For starters, entry and egress is about on a par with most small cars, and once inside there’s generous headroom with adequate leg and headroom for taller drivers to stretch out, though its narrow fighter jet-like cockpit takes some getting used to. Forward visibility is good, but small side mirrors and a lack of a back window and rearview mirror conspire to make backing up more of a challenge than we’d like. Novice drivers should put up Post-It notes around the cabin to remind themselves that the front wheels are set significantly apart from the body to help avoid scraping the fenders on other cars, curbs or at ATMs, tollbooths and fast food drive-through windows.
Unfortunately we could only approximate the driving experience afforded by the final production version, as the prototype we piloted was fitted with a crude carbureted engine rescued from an old Geo Metro and lacked an exhaust system of any kind. Still, with an ultra-low curb weight, the 55 horses with which it will roll off the assembly line should suffice, albeit barely. We’re told the car’s brakes, which faded faster than a black shirt in a bucket of bleach when asked to bring the car to halt, were mercifully not to final spec. Ride quality seemed adequate, at least over the well paved roads to which we had access. While the Elio felt stable at higher speeds, low-speed handling was unpleasantly heavy, given the car’s unfortunate lack of power steering. This would definitely not be our choice for careening around twisty roads, though our biceps could probably stand the workout they’d get by maneuvering the vehicle into tight urban parking spaces.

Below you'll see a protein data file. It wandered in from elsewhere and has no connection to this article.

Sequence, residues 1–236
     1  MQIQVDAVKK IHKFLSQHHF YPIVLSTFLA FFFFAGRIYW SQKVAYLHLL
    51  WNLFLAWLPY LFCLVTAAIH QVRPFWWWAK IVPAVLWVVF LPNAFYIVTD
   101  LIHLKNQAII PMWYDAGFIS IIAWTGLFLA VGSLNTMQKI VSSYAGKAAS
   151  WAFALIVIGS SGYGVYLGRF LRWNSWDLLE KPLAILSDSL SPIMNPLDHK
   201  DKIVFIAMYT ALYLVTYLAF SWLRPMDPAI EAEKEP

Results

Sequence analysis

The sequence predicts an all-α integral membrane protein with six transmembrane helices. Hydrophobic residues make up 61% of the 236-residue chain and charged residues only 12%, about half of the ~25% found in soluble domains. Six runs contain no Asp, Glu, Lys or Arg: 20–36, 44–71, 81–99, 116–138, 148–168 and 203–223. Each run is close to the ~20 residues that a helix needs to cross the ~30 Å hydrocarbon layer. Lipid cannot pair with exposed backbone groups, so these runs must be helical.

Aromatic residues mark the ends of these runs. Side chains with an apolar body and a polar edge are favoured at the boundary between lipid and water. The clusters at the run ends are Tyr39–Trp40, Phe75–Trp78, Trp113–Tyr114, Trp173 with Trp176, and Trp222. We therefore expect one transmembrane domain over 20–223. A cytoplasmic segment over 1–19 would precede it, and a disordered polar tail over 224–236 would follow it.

Still, the Elio all about providing basic transportation on a budget, and from that standpoint we anticipate the final production version should indeed deliver the goods. Whether sufficient U.S. commuters, otherwise accustomed to larger and more powerful rides, will embrace the tiny three-wheeled Elio in sufficient numbers for the company to turn a profit remains to be seen.
“We’ll never get around the need for a big vehicle – there will still be boats to be towed to the lake and kids to be driven to soccer practice or school,” Vassello says. “But the kids and the boats don’t come to the office with us every day, and it’s wasteful to drive a big sedan or SUV with most of the seats unoccupied to travel maybe 10 or 20 miles at a time.”
For more information, log onto the company’s website: www.eliomotors.com.